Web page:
The Scripture says that the Star moved—perhaps it was a specially designed light just for the occasion. 

Matthew 2:10-12: When they saw the star, they were overjoyed. On coming to the house, they saw the child with his mother Mary, and they bowed down and worshiped him. Then they opened their treasures and presented him with gifts of gold and of incense and of myrrh. And having been warned in a dream not to go back to Herod, they returned to their country by another route.


Matthew 2:16: When Herod realized that he had been outwitted by the Magi, he was furious, and he gave orders to kill all the boys in Bethlehem and its vicinity who were two years old and under, in accordance with the time he had learned from the Magi.


Jesus, at this time, was not in the manger—note the previous verse, now living in a house. Perhaps a year or two after the birth—that is why Herod said to kill all babies 2 years or younger.

It is time to be celebrating the Baby—and Herod is killing babies. 

King Herod missed the peace, love and joy of Christmas. 

He was known as Herod the Great. He built monumental building projects to make people love him: Herod’s Temple in Jesus’ time was glorious. But he lived a terrified man.


Herod was instructed and told about Messiah—but he missed it all. He was afraid of the Savior—he had no idea what it was all about. 

Herod died a miserable man with a miserable death—His symptoms recorded for posterity.

Venereal disease when accompanied by deterioration of the heart and kidneys, would result in the symptoms described. Bodily poisons would not be excreted properly and would accumulate in the blood, causing general itching, sharp, constant abdominal pain, diarrhea, and possible ulceration of the bowels. In extreme cases, which is plainly what we’re dealing with here, the scrotum could become distended and gangrenous, at which point a lesion might well become infested with maggots, personal hygiene not being a priority back then. Now that’s a disgusting, horrific death.


Herod had misplaced hope: politics, materialism, sensual things, building projects—all hopeless endeavors. 

We put our hope in cars, savings accounts, houses, presents, jobs. This is a recipe for hopelessness.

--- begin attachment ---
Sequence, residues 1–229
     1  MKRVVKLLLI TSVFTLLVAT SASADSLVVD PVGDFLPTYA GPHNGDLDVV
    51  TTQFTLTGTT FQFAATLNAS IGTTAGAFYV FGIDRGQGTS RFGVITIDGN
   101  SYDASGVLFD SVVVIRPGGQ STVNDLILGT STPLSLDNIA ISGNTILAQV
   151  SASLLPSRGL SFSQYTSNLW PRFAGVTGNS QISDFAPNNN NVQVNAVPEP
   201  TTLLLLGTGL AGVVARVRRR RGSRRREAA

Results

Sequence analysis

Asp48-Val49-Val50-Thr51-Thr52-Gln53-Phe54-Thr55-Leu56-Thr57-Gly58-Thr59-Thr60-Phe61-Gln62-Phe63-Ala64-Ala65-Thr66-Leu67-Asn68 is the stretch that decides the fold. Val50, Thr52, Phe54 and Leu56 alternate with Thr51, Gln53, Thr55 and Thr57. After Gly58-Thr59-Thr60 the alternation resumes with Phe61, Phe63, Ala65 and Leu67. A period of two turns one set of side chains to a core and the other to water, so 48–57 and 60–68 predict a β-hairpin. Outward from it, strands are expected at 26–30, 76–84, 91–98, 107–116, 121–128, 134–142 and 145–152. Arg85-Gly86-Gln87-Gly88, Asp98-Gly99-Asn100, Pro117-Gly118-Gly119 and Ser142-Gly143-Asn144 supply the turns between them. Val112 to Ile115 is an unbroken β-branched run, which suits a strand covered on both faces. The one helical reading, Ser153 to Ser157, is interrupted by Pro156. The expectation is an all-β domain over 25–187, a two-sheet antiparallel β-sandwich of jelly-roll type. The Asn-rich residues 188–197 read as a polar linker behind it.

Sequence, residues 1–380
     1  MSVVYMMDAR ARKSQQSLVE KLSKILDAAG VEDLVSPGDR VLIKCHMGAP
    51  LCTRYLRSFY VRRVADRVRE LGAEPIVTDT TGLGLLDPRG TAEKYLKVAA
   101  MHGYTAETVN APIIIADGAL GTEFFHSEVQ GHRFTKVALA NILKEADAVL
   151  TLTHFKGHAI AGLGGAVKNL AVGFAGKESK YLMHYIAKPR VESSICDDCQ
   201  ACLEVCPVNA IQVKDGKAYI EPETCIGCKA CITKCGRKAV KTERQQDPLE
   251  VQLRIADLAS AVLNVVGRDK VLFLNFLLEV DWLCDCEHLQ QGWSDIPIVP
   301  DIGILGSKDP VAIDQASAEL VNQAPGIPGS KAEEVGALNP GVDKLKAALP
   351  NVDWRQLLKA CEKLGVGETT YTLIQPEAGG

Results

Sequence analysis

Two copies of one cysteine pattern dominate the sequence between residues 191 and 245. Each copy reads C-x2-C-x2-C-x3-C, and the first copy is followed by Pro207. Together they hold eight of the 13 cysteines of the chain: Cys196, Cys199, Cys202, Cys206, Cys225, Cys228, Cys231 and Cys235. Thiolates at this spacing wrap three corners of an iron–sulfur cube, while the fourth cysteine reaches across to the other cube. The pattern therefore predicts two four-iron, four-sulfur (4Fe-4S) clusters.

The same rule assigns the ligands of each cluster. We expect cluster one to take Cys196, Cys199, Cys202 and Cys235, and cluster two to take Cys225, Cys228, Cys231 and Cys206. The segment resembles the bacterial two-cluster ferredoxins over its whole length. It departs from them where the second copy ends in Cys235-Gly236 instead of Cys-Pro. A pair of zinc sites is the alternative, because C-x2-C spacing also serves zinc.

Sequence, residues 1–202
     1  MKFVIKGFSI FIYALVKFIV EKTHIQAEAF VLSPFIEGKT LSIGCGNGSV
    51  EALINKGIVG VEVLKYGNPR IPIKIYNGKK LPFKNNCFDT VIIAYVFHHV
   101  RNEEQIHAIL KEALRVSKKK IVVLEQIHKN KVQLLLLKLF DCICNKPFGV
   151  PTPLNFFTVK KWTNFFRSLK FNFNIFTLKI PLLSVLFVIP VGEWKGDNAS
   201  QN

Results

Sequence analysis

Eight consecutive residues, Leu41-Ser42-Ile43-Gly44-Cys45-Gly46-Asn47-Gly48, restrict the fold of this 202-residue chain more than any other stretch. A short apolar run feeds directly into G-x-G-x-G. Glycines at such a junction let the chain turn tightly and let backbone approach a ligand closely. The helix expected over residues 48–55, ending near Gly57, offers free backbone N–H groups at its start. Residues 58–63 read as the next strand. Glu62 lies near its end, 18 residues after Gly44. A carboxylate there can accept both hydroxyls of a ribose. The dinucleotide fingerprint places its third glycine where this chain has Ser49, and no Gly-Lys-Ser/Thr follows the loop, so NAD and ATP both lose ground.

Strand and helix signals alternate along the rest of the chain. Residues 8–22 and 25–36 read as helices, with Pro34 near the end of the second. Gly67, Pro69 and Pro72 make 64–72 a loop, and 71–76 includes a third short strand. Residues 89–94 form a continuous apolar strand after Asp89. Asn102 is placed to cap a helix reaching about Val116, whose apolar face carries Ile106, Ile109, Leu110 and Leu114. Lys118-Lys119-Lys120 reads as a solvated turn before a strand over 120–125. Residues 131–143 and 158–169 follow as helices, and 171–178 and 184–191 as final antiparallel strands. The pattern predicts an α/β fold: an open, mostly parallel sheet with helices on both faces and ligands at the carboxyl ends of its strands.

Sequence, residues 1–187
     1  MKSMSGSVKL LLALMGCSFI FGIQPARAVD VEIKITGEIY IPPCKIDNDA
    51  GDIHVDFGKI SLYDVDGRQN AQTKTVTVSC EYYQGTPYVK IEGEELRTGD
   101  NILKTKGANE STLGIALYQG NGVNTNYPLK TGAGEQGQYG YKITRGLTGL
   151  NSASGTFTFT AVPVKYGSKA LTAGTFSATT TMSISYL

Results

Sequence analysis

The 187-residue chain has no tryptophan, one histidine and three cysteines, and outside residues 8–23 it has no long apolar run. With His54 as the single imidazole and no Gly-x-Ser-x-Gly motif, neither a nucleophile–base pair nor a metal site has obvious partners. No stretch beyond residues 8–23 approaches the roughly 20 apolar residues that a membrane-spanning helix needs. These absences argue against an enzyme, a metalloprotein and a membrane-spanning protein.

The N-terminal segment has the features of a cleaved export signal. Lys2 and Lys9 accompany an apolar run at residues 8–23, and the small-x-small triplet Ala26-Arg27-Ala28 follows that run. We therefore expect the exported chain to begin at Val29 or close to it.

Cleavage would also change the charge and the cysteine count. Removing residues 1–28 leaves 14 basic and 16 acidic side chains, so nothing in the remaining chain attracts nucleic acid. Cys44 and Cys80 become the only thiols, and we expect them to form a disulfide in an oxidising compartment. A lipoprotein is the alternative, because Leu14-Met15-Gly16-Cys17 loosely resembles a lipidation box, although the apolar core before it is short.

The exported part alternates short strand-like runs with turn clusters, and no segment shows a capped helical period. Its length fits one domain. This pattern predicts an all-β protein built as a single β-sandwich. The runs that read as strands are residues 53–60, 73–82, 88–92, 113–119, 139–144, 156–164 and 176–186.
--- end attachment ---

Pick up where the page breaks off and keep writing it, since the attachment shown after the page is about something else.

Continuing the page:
That is how we miss Christmas. 

Don’t place your hope for a successful Christmas with money and presents.

How quickly the toys grow old! You want something that will last. 

All of this reminds me of Brad Pitt.

In an interview with Rolling Stone magazine, Brad Pitt reflected on what it means to have the American dream and yet remain unsatisfied:

Pitt: “Man, I know all these things are supposed to seem important to us—the car, the condo, our version of success—but if that’s the case, why is the general feeling out there reflecting more impotence and isolation and desperation and loneliness? If you ask me, I say toss all this—we have got to find something else. Because all I know is that at this point in time, we are heading for a dead end, a numbing of the soul, a complete atrophy of the spiritual being. And I don’t want that.”

Rolling Stone: So if we’re heading toward this kind of existential dead end in society, what do you think should happen?

Pitt: “Hey, man, I don’t have those answers yet. The emphasis now is on success and personal gain. I’m sitting in it, and I’m telling you, that’s not it. I’m the guy who’s got everything. I know. But I’m telling you, once you’ve got everything, then you’re just left with yourself. I’ve said it before and I’ll say it again: it doesn’t help you sleep any better, and you don’t wake up any better because of it.”


By the way, Brad Pitt grew up “…Brad himself was brought up in a typical Mid-Western town, Springfield, Missouri, the oldest son of devout Baptist parents.”


What did he miss? 

LUKE 2:8-12. 

Luke 2:13-14: Suddenly a great company of the heavenly host appeared with the angel, praising God and saying, “Glory to God in the highest, and on earth peace, good-will toward men.”


Ah, that’s what Christmas is all about. 

Why is Christmas so important?

Because the world did not become a place of peace, love, and joy at His first coming. 

The four candles of Advent represent:

1. Hope
2. Peace
3. Joy
4. Love 

We live too much in a world of war—not peace; 

I recently reread “All Quiet on The Western Front (WWI); Hiroshima (WWII); We Were Soldiers Once and Young (VietNam). 

We live too much in a world of misery—not joy; 

We see devastation, mass murders and starvation. 

We live too much in a world of hatred—not love. 

However in the heart of all men and women is something better. We long for a better world. While the promises of the First Coming will be fulfilled at the Second Coming, deep down inside we long for our world to be a better one right now.


This is the meaning of Christmas.



You may also like

Update Required Flash plugin